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U.S. Abstains from Voting in Unit on Resolution Condemning Totalitarianism, Including Nazism

February 25, 1981
See Original Daily Bulletin From This Date

— The United States abstained from voting yesterday on a resolution in the United Nations Human Rights Commission condemning racial intolerance, terror and all forms of totalitarianism, including Nazism and apartheid. The American delegate, Richard Shifter, told Commission members that his delegation abstained because the resolution was a “political ploy” and took insufficient notice of anti-Semitism today. It was adopted by a vote of 38-0.

Shifter, a Jewish lawyer active in human rights, said, “We feel secure in the knowledge that our country was always opposed to Nazism and fascism. We never signed any pact with Adolf Hitler or Herr Von Ribbentrop.” He was referring to the Hitler-Stalin pact concluded by Soviet Foreign Minister Vyacheslav Molotov and German Foreign Minister Joachim von Ribbentrop in 1939, several weeks before the outbreak of World War II.

Shifter insisted that “America is opposed to Nazism and Fascism and we do not need to prove our anti-Nazi commitment by going along with a resolution which we consider misleading.”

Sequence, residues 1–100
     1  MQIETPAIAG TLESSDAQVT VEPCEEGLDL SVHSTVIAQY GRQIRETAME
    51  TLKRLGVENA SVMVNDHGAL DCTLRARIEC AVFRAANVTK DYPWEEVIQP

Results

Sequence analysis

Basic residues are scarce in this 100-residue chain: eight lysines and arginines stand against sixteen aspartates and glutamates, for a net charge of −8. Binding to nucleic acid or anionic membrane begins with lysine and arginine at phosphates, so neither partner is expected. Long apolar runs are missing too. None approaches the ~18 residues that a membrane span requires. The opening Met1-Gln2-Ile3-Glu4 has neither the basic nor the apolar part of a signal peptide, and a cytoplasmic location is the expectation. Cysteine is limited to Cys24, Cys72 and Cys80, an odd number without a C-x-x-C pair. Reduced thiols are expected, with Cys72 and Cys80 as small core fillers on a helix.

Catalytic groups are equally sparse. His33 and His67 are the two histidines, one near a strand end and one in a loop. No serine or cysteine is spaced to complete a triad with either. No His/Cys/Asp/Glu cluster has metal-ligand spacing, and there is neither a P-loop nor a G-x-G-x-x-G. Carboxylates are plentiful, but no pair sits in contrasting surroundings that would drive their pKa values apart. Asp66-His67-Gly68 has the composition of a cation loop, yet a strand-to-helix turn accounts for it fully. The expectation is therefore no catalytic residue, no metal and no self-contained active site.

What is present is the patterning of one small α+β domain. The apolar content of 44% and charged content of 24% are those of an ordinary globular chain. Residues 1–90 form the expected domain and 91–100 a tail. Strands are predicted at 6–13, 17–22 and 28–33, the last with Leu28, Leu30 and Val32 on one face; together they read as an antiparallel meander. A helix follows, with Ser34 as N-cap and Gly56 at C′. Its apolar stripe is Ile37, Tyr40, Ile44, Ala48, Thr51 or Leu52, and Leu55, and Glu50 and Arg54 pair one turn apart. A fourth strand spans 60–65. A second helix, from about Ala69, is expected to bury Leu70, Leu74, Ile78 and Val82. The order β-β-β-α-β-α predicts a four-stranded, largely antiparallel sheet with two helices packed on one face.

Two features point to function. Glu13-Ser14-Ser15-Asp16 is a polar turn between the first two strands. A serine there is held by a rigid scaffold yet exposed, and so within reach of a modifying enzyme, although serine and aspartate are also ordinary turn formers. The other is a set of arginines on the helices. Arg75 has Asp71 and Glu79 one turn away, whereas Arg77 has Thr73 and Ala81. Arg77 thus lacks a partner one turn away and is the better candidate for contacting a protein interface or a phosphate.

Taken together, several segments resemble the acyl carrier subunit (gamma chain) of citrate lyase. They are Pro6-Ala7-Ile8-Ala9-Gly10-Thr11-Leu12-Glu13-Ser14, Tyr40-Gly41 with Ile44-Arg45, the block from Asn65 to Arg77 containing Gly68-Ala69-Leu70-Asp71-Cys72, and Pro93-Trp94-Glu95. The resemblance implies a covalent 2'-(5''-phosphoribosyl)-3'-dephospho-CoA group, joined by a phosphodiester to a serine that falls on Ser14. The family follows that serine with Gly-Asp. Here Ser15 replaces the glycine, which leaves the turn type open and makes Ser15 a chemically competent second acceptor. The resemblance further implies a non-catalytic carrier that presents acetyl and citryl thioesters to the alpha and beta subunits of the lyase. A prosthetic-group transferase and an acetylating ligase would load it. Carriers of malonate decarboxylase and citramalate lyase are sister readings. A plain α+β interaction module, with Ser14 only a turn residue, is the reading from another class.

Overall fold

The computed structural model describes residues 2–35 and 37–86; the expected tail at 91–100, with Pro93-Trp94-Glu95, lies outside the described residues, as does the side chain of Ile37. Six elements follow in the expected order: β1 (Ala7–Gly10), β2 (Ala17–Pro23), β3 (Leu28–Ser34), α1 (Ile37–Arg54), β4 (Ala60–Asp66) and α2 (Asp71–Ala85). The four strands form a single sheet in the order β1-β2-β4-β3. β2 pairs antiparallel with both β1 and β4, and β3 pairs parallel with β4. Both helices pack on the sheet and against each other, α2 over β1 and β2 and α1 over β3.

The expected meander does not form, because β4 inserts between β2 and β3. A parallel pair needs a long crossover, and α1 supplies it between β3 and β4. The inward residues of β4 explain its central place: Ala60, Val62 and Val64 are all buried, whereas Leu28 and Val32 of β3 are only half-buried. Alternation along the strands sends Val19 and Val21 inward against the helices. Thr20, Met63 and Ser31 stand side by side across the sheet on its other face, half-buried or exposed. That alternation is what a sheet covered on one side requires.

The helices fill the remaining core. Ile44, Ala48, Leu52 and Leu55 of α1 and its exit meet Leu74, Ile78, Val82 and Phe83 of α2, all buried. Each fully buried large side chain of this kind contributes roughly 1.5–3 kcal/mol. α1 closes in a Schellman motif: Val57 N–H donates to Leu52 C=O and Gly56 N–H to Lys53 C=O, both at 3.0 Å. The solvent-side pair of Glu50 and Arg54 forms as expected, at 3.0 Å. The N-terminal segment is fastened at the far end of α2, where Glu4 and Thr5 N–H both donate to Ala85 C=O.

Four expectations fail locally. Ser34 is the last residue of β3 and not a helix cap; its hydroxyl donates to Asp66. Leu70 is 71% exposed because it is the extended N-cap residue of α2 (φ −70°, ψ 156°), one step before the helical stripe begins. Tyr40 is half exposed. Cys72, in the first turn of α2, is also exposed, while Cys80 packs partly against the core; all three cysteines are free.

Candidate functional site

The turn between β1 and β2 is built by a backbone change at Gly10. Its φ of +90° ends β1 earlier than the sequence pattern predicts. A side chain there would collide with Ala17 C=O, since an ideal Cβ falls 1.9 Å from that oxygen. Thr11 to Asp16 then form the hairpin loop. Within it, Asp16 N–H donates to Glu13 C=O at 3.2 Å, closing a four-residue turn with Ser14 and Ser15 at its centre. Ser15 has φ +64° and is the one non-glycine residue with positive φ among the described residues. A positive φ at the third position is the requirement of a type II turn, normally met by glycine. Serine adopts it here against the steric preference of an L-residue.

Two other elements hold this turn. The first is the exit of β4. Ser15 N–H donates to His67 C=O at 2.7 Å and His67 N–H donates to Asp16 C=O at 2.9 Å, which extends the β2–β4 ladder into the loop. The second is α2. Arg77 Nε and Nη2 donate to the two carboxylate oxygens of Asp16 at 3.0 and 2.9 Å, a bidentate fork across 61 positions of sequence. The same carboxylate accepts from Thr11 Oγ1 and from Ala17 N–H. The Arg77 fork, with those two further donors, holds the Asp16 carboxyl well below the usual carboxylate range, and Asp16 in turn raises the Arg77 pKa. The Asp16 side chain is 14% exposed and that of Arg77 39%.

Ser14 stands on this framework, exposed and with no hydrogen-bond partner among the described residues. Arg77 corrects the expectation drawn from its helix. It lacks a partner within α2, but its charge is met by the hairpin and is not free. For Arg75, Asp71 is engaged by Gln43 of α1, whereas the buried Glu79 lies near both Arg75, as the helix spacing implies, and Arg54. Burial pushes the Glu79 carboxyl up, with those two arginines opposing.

Referring obliquely to anti-Semitism in the Soviet Union, he said, “We regret to note that

one of Nazism’s most inhuman features, the fomenting of group hatred, has spread to other political movements. The hideous, hateful caricatures which were once published in Julius Streicher’s ‘Der Sturmer’ can now be seen frequently in officially sanctioned publications of a country other than Germany. We believe this aspect should be dealt with in the Commission.”

Shifter, 58, was born in Vienna and is a practicing attorney in Maryland where he serves on the State Board of Education and is active in Jewish affairs. He is the alternate U.S. delegate to the UN Human Rights Commission.

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